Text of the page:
Armed men in Renton say they support local protesters
Protests that started in Seattle have trickled into surrounding cities. And while most remain peaceful, some businesses have taken to guarding their buildings fully armed.
On Tuesday afternoon, a small but organized group of 40 people gathered at Renton City Hall and then walked to historic downtown, where they chanted, "White silence is violence."
Ibijoke Idowu-Holiday is one of the local organizers. While she lives in Seattle, most her work is in the south side. This was the second day of protesting. On Monday, they drew a larger group and high school graduates even came out to stand with them in their cap and gowns.
The Renton march was a local ripple among a wave of protests spurred by the killing of George Floyd. A white police officer in Minneapolis pressed his knee on Floyd's neck for nearly 9 minutes as he struggled to breath. The officer was unphased as Floyd died under his weight in front of cameras.
The march was peaceful as demonstrators made their statement, weaving through downtown streets, all while walking past several armed men, posted in front of storefronts.
One of them, Maurice Whitney, was out with his shotgun.
He's had people coming up to him with questions and sometimes shock.
"They’re like, ‘Oh it’s intimidating.’ And the thing is -- it's supposed to be intimidating. Not to the protesters, but to the people who want to come and cause trouble.”
Whitney manages a few properties in the area. He says the buildings can deal with cracked windows but not fire. And, he insists he’s with the marchers.
"All of us support the protest and Black Lives Matter. Everybody feels that it was a very big injustice that was done to [George] Floyd."
As protests have emerged in Western Washington, so have reports of residents arming themselves with guns in downtown areas. Some Bellevue residents recently blocked off the entry to their neighborhood, armed with firearms, as a protest was underway in downtown.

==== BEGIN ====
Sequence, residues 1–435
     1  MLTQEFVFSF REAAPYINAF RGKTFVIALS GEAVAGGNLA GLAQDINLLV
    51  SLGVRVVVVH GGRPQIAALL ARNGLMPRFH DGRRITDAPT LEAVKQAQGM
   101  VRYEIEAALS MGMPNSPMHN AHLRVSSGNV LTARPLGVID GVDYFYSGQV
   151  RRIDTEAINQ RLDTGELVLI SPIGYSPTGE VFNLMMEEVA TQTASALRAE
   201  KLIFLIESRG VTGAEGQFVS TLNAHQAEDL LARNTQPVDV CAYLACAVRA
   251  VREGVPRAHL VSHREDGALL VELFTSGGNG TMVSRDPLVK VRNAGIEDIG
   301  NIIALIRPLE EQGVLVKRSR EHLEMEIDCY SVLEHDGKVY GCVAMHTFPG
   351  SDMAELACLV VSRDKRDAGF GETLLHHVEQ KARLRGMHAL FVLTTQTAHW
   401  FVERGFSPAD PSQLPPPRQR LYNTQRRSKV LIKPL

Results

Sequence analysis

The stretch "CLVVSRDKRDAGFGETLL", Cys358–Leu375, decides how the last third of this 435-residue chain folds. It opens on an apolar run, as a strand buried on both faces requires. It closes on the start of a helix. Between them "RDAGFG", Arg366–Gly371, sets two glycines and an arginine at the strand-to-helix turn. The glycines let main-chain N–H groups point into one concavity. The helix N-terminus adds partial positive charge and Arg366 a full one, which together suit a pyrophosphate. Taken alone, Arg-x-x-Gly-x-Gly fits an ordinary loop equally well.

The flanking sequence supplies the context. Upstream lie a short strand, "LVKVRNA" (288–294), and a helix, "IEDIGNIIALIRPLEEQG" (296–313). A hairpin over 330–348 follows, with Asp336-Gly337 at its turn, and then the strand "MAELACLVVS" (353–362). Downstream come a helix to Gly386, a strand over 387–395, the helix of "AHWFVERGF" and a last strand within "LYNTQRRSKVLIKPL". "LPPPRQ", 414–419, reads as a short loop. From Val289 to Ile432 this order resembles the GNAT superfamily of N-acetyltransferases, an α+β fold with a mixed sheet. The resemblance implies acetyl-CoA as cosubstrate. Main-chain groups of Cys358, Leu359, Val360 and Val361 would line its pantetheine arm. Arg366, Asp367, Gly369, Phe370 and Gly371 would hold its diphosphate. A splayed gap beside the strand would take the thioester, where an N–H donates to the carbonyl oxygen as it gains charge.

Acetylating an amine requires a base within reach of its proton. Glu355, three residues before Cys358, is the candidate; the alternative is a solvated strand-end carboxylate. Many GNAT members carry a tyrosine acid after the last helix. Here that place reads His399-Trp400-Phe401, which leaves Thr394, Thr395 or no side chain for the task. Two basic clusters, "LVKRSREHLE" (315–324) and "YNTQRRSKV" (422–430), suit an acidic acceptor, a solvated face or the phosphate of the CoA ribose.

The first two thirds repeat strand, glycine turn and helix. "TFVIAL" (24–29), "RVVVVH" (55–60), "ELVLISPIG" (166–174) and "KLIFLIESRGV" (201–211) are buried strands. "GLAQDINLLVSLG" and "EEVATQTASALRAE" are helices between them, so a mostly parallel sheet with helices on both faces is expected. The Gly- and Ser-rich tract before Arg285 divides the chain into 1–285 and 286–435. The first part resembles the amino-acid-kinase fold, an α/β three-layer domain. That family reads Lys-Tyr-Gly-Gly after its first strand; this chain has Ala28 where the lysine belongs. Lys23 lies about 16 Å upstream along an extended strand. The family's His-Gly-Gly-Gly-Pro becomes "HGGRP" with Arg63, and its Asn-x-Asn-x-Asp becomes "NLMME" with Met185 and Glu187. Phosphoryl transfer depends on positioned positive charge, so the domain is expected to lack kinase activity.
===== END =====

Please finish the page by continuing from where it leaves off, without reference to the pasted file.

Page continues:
Kirkland's city manager confirmed with KUOW that residents went into their downtown armed with guns over recently. It also happened in Snohomish, where a handful of armed men showed up in that small town, alongside American and Confederate flags.
National Guard commander Major General Bret Daugherty has commented on such actions, noting that even guard members are unarmed in cities with protests.
"(We're not armed) because we don't want somebody shot by accident, and the more weapons there are at a site the more likely you are to have an accidental shooting, so please just everybody calm down, leave your weapons at home," Dougherty said. "Peacefully demonstrate as much as you want to, but let's not make this a situation that is worse than it has to be."
Idowu-Holiday, the protest organizer, didn't speak to the armed men but but commented to others on her mic, "That right there is probably a racist, you guys. If we are protesting and people are shaking their heads, then we are probably doing something right."
She also stressed to the group that it was important to research and support businesses who support the Black Lives Matter movement.
"We have to hold poc [people of color owned] businesses accountable too," she said, pointing to a Mexican restaurant that lacked signage, unlike a craft store across the street.
"We are not supporting these businesses that do not support us. Be mindful. Hit them in their wallets."